Adding in a weed membrane isn’t essential, but it’s best practice to keep any persistent weeds at bay and to prevent them from breaking through your artificial turf.
Rolling out the artificial grass is next. Make sure the grass is laid in the same direction as one another so the blades point in the same direction to make everything look uniform and full.
Now is the time to make everything stay in place. Use jointing tape on the ground, on top of your membrane, and add adhesive on top of it – then, press the artificial turf down firmly on top of those areas, careful not to get any adhesive on the blades.
Running your hands or using a brush over the grass can help to make it look fuller and helps to disguise any joins where the turves butt up against each other.
You can also add ground pins near the edges of the turf to keep everything flat and in place if desired.
Should I Choose Real Turf or Artificial Grass for My Garden?
Knowing which turf is right for your garden can be tricky, but there are some clear-cut differences between real and artificial turf to help you decide what’s right for you.
Easy to install, without the need of a professional; little to no maintenance required; great for shady areas; no need to mow
Higher up-front costs; doesn’t feel like real grass; no micro-habitat for garden life
Real turf can be budget-friendly with economy turf being very affordable; variety of grades and types; creates a natural habitat for insects
Can become expensive when considering premium styles; needs maintenance; can die and will need attention; weeding is required
The main advantage of artificial grass is that after installation, you can walk on it immediately, making it perfect for children and pets. It’s also easy to install and can be laid yourself without the need of a professional, helping to keep costs low.
As expected, there’s little to no maintenance once it’s laid, and easy to clean when needed, and is great for heavily shaded areas and balconies where natural grass wouldn’t survive. There are a variety of lengths, depths and colours to suit your style – and there’s no need to mow – ever!
There are higher up-front cost than real turf alternatives, but can be laid by yourself which can help to offset the cost of the material. Artificial grass doesn’t feel like real grass, and there’s no micro-habitat for garden life.
Looking at real turf next, it can be cost-effective if choosing budget varieties; while grass seed is incredibly affordable if you’re willing to invest the time to tend to it while it beds. Turf is available in a variety of grades and types, from budget to premium to wildflowers, which can offer great biodiversity and a natural habitat for a range of species – including bees!
The disadvantages include it being expensive if opting for premium styles, which will also need professional care if you choose a bowling green or golf course finish. Real turf needs to be left for 2 to 3 weeks before you can walk on it, which isn’t ideal for children and pets, and can become susceptible to weeds and can die if not properly looked after.
Real turf needs mowing, which can become tiresome if you’re not naturally green-fingered.
How Do I Find and Hire Someone to Lay Artificial Grass?
Finding the right artificial grass fitter can be challenging. At HouseholdQuotes, we can connect you to artificial grass fitters in your area.
Click the button below to tell us more about your project, and we’ll help you find someone quickly and easily:
If fitting artificial grass isn’t something you feel comfortable with, seeking recommendations from family, friends and neighbours is a great way of finding reputable tradesmen who can complete the job for you.
Ensuring the Professional Is the Right Fit
If you’re hiring a professional to lay your artificial turf for you, there are a few essential things you should find out before you settle on hiring them. Firstly, obtaining a written quote is essential.
Within this quote, finding out whether or not rubbish removal is included is important so you’re not left with a pile of old turf and soil to get rid of by yourself once the job is done. With written quotes, you can see what’s included and what isn’t – so if any problems happen during the job, you can always refer back to the quote to see what was agreed.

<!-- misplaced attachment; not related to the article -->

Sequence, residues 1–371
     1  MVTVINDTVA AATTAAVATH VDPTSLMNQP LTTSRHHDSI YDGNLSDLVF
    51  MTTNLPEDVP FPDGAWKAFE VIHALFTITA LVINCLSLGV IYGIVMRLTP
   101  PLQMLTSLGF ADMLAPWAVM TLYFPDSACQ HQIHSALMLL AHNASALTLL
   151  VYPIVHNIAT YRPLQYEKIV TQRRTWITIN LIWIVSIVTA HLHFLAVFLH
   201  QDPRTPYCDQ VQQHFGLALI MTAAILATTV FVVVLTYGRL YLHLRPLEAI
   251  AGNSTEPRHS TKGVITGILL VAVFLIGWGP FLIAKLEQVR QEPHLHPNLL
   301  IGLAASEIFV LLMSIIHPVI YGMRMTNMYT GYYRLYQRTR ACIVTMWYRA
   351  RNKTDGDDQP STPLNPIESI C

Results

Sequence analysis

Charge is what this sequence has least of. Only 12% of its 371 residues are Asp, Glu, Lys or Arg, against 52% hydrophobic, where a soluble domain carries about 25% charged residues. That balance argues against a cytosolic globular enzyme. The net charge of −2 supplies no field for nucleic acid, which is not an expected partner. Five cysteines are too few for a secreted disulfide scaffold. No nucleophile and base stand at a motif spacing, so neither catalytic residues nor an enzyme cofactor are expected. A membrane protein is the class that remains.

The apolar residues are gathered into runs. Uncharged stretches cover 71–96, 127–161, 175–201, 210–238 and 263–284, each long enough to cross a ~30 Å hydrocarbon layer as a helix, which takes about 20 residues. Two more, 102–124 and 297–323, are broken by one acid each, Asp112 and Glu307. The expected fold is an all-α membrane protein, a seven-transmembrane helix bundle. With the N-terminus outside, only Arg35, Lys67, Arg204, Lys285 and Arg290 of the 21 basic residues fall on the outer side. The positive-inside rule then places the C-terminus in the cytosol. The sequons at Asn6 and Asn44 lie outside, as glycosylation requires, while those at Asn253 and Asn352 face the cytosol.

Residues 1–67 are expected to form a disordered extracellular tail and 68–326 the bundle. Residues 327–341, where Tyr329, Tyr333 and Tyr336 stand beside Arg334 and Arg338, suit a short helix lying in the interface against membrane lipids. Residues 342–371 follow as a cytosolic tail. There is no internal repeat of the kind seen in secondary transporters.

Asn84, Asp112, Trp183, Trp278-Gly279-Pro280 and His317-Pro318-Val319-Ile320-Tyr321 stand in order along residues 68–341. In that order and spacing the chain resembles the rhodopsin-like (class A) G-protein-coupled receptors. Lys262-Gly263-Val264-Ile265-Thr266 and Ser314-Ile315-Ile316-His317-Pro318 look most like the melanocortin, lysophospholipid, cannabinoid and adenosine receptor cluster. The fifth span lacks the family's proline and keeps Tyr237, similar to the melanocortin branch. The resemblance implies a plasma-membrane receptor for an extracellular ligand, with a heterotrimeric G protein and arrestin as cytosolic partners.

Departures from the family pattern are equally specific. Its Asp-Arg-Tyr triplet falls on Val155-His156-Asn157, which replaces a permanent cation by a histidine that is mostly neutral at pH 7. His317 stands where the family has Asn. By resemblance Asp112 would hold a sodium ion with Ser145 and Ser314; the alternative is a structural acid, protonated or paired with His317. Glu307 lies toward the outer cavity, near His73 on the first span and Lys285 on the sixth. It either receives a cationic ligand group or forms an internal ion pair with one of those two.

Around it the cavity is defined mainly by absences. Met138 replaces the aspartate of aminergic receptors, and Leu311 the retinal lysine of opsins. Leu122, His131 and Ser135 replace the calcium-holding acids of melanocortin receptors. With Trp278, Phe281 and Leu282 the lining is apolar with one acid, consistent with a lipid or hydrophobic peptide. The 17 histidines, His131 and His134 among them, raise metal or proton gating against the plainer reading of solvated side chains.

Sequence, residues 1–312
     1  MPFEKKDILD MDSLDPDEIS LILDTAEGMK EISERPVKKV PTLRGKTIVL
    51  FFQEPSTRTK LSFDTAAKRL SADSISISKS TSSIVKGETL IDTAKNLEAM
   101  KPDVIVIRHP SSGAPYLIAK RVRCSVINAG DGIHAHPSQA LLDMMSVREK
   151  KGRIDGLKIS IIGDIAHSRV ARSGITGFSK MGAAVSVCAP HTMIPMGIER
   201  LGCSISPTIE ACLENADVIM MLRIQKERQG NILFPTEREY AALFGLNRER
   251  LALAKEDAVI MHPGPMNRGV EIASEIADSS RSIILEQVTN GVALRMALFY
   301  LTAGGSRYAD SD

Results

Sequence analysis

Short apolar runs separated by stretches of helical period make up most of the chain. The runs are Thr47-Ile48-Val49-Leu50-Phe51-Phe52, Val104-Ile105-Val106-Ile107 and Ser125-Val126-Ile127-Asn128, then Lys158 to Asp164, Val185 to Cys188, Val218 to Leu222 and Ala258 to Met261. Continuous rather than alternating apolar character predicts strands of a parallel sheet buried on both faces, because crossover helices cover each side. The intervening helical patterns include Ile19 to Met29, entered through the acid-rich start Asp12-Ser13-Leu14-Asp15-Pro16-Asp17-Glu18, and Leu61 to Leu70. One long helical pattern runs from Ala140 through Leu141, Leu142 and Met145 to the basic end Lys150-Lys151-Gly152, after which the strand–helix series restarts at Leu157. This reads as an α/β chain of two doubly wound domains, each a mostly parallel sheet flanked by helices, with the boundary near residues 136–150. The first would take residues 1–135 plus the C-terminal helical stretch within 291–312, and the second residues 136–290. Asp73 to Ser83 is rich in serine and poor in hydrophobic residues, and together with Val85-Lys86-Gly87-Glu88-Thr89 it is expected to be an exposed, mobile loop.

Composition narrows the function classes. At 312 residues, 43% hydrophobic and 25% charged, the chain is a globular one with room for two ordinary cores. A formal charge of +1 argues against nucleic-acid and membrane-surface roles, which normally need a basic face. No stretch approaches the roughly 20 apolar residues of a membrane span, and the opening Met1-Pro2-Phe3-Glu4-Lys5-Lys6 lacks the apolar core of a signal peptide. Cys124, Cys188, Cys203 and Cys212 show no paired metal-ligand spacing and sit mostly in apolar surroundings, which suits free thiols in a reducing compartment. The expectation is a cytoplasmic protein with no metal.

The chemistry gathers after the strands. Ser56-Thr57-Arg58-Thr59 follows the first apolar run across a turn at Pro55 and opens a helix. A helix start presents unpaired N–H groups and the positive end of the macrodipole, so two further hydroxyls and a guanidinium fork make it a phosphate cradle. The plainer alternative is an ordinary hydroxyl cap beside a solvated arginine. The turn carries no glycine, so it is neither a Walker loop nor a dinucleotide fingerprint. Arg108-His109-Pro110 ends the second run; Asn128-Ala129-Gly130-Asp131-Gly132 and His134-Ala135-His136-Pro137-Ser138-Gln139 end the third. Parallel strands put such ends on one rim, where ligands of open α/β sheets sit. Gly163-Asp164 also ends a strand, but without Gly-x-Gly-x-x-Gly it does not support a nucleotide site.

If the professional isn’t coming from friends and family references, finding out their experience and seeing examples of their past work is important to make sure they’ll be able to tackle your project. If you require a lot of excavation or have a bespoke shape you want to create, you want to make sure your needs align with their abilities.
Finally, seeing if they have insurance is important to keep you covered in the event of any trouble during the project, for damages to both physical property and any accidental injuries.
Deciding on artificial grass for your garden is a great way to quickly and easily rejuvenate a tired space into somewhere inviting and ready for the summer months.
Here’s our final checklist to make sure you have everything covered when it comes to getting the job done:
Order turf samples to see what you like in person – sometimes budget options can look as good as more premium ranges!
Calculate the amount you need, accounting for any areas where you’ll need to trim or shape the turf to make an organic shape like an oval or circle
Remember to check retailers for offcuts or roll ends if you’re covering a small area to cut your costs down
Use HouseholdQuotes to find local artificial grass fitters and potentially save money on your artificial lawn installation.
One of the greatest advantages of artificial grass is its lifespan. If well maintained with cleaning and care, they can last for around 20 years without fading or flattening, making it a great investment.
How Do I Maintain My Artificial Lawn?
One reason many people get artificial grass is that it’s easy to maintain. Simply sweep from time to time to remove leaves and twigs – you can even use a hoover!
When it’s muddy, wash out the grime with a light spray of the hosepipe and a brush. And, if you’ve got pets, just pick up after they’ve gone to the loo and disinfect the area.
Is Artificial Grass Safe for Children and Pets?
Unlike real grass, artificial means there is no need for the use of fertilisers and pesticides, which can be harmful to both animals and humans.
Some artificial turfs can contain crumb rubber which is made from recycled tyres, which can be toxic. However, you can find artificial ranges which don’t use this type of infill, so it’s best to check the composition before buying and checking with the retailer to make sure the type you choose is suitable for your use.
Can You Lay Artificial Grass on a Slope?
Yes! If levelling out an area proves to be too costly, you can lay artificial grass on the slope instead. It will require a little more work than a flat patch, but this guide can take you through the steps if it’s something you want to take on yourself.
Can Artificial Grass Give You an Electric Shock?
Static energy can build up on artificial grass, which can lead to shocks, especially in periods of extreme temperature or dry air. A quick online search can help you debunk myths and reduce static charges from your artificial lawn.